Forgetful Doctors Means Catheter Misuse
B O S T O N, Oct. 13 -- Are doctors and nurses more concerned with their work relief than your bladder relief?
In a small study of four medical centers, published in the current issue of the American Journal of Medicine, researchers found that 31 percent of hospitalized patients who receive urinary catheters don’t need them.
Why the over-catheterization? Catheters make it easier for nursing staff not to clean up a soiled sheet, say, of an elderly patient who may or may not be able to control his or her bladder. Once inserted, the devices often remain too long because doctors either forget or don’t know they are there.
Concern Over Catheters Prolonged catheter use is a concern because the practice can lead to painful urinary tract infections and longer hospital stays, says Dr. Sanjay Saint, assistant professor of internal medicine at the University of Michigan in Ann Arbor and lead author of the study.
“Inappropriate catheter use is an important patient safety issue,” Saint says. “Often, caregivers are doing something patients do not like for indications the patients do not have. If they don’t need the device, it should be removed as soon as possible.”
The study found that 25 percent of all hospitalized patients will receive a catheter at some point in their stay. A catheter is a latex or silicon tube which is inserted into a patient’s urethra and bladder and allows urine to be emptied into a bag.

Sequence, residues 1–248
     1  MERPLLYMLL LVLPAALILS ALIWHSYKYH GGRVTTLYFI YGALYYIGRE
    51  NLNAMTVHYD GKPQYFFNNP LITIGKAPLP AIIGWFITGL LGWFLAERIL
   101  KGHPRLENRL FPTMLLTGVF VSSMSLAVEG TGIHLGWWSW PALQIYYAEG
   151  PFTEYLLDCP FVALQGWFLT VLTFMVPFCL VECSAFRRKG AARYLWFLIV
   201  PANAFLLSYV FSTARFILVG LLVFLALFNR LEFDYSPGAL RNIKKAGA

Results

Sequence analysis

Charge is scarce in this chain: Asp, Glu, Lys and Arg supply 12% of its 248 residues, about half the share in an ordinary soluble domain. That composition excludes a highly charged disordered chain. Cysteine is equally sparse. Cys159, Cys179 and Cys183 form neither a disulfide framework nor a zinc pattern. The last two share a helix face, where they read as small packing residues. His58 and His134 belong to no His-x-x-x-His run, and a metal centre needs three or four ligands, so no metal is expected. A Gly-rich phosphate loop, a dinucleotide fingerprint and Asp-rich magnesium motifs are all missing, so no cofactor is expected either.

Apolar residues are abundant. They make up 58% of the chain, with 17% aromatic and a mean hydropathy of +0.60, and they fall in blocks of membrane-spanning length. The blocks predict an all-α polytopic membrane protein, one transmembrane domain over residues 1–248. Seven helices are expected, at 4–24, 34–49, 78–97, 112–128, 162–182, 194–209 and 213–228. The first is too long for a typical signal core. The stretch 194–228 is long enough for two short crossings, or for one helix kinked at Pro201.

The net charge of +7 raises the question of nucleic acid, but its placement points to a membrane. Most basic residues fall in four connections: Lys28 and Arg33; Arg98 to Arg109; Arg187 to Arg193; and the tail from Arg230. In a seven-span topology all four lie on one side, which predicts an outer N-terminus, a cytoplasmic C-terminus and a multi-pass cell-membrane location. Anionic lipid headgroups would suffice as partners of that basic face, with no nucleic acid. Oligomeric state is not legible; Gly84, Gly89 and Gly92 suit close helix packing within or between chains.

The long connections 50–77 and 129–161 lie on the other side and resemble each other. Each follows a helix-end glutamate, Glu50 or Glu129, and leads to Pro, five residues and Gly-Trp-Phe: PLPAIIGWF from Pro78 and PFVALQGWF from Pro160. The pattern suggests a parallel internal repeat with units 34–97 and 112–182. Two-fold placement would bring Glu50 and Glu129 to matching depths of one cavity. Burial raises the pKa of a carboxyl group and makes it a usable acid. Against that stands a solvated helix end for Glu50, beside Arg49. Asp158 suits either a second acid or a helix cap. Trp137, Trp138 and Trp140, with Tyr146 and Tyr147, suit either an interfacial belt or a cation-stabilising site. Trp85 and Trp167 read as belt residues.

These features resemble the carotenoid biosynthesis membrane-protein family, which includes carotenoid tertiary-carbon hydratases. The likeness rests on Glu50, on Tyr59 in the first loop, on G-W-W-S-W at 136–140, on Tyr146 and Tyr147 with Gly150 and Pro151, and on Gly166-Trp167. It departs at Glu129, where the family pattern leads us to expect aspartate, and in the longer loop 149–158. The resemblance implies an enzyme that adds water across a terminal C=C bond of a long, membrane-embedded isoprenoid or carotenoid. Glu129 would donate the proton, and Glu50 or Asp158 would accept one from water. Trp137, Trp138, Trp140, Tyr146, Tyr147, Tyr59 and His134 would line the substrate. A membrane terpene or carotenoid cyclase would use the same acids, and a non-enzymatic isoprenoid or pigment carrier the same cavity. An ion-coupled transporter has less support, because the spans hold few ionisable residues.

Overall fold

Catheters are considered necessary when a patient is bed-ridden, incontinent or unable to control urine flow, is in post-operative recovery, has a bladder obstruction such as an enlarged prostate, or needs to have urine levels observed.
Catheters can make it easier for health-care professionals to monitor fluids and to see blood in the urine, says Dr. Martin Resnick, secretary of the American Urology Association and a urologist with Case Western Reserve University in Cleveland. “It’s certainly not essential, but it is more convenient to have it,” he says. “I’m not sure it’s harmful, as long as it’s not used long term.”
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